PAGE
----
Wind … or worse: was pilot error to blame for the Suez blockage?

Wind … or worse: was pilot error to blame for the Suez blockage?

Most marine accidents involve human error, but the real story of how Ever Given came to block global shipping is not so easily explained away

The trouble started at 5:17am. Ever Given, an Ultra Large Container Vessel (ULCV) loaded with 20,000 containers, had set off up the Suez canal a quarter of an hour earlier from the south, in the bay of Suez.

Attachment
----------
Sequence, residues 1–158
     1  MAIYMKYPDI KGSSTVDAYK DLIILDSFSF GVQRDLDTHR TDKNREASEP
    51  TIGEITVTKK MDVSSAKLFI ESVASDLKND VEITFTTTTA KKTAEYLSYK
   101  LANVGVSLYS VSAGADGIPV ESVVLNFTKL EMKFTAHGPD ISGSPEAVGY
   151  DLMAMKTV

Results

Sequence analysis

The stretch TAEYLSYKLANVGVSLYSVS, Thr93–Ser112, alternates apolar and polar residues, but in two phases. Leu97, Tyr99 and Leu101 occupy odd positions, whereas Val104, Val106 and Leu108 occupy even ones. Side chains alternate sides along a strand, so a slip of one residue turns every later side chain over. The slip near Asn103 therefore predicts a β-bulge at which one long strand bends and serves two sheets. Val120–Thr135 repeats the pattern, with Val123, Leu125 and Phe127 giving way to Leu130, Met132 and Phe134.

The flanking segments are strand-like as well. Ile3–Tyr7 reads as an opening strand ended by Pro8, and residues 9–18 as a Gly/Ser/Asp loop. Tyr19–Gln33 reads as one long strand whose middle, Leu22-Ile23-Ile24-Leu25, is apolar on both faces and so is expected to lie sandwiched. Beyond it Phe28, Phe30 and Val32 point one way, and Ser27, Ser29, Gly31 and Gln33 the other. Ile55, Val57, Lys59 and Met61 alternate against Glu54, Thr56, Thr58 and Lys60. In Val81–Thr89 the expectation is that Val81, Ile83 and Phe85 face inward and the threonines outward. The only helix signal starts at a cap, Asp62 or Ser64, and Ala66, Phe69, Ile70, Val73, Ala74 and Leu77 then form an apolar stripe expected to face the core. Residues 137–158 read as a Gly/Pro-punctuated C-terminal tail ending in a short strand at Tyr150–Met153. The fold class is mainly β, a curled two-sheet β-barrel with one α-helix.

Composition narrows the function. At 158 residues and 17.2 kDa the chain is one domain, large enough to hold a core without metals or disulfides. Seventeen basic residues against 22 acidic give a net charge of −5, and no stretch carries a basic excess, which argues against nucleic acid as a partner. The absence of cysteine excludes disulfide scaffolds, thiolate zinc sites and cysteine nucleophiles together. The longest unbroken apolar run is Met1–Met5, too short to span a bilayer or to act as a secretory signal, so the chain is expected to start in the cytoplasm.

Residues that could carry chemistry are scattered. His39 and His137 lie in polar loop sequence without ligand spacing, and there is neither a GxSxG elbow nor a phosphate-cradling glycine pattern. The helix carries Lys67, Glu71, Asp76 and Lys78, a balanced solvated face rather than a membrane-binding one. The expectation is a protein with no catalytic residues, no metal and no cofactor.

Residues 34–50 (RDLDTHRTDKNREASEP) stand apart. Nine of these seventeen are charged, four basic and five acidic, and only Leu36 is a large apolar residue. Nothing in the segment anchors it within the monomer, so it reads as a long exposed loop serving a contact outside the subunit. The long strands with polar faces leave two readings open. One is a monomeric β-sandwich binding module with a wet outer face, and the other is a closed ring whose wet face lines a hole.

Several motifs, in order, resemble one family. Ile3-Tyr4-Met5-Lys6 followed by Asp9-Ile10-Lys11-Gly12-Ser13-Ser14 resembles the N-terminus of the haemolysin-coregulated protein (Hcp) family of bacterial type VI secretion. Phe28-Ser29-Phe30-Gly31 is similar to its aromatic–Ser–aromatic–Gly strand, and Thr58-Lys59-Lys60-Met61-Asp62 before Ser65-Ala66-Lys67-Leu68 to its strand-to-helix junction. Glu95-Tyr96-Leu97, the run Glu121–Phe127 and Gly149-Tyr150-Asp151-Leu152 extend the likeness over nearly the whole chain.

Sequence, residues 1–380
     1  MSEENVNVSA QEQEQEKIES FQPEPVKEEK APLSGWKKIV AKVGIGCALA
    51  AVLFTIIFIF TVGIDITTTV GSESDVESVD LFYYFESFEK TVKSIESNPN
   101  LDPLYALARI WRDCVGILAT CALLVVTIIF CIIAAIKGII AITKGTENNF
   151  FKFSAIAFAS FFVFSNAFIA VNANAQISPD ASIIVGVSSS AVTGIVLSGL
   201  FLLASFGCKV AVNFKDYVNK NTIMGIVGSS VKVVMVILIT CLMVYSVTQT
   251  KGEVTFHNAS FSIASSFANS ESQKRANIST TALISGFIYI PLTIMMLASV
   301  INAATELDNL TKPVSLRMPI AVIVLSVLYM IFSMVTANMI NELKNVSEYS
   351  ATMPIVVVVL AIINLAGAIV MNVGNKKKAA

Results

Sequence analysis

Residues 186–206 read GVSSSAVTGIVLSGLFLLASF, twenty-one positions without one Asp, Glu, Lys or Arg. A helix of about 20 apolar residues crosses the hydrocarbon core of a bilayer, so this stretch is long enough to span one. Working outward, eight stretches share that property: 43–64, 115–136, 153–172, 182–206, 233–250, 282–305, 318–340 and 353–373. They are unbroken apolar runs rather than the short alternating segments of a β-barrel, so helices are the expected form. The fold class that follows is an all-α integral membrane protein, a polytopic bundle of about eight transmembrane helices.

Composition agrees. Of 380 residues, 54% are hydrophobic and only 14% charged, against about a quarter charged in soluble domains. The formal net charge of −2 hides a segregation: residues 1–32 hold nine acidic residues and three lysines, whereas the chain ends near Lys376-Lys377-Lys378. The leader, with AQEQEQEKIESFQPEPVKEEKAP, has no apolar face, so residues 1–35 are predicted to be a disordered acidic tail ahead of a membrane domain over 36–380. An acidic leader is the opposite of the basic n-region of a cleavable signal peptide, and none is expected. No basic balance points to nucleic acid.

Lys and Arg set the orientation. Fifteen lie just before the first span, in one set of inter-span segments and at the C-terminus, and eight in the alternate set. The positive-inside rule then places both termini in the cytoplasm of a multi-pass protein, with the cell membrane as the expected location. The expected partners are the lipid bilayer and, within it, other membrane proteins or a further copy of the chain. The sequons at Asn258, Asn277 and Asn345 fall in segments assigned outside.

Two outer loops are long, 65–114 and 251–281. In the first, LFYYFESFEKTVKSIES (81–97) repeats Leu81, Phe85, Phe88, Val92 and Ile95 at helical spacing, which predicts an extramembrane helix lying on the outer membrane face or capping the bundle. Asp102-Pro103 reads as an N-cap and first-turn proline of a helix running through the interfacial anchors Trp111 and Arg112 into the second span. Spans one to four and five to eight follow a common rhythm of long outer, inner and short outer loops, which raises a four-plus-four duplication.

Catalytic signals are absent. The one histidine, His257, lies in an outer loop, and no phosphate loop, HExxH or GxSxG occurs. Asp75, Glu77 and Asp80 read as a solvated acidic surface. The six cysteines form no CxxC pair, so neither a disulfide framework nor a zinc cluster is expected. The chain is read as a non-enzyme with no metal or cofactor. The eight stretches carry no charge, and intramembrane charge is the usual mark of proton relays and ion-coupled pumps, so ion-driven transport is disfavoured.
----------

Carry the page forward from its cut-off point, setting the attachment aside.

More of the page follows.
This is how the canal works: ships anchor the night before and wait to set off early the following morning – one convoy southbound from Port Said starting at 3.30am, the northbound one at 5:00am. They meet each other at Great Bitter Lake, where the southbound convoy anchors to let the other pass. Consider a country lane with passing spots, only for ships the height of buildings, travelling at the speed of a scooter.

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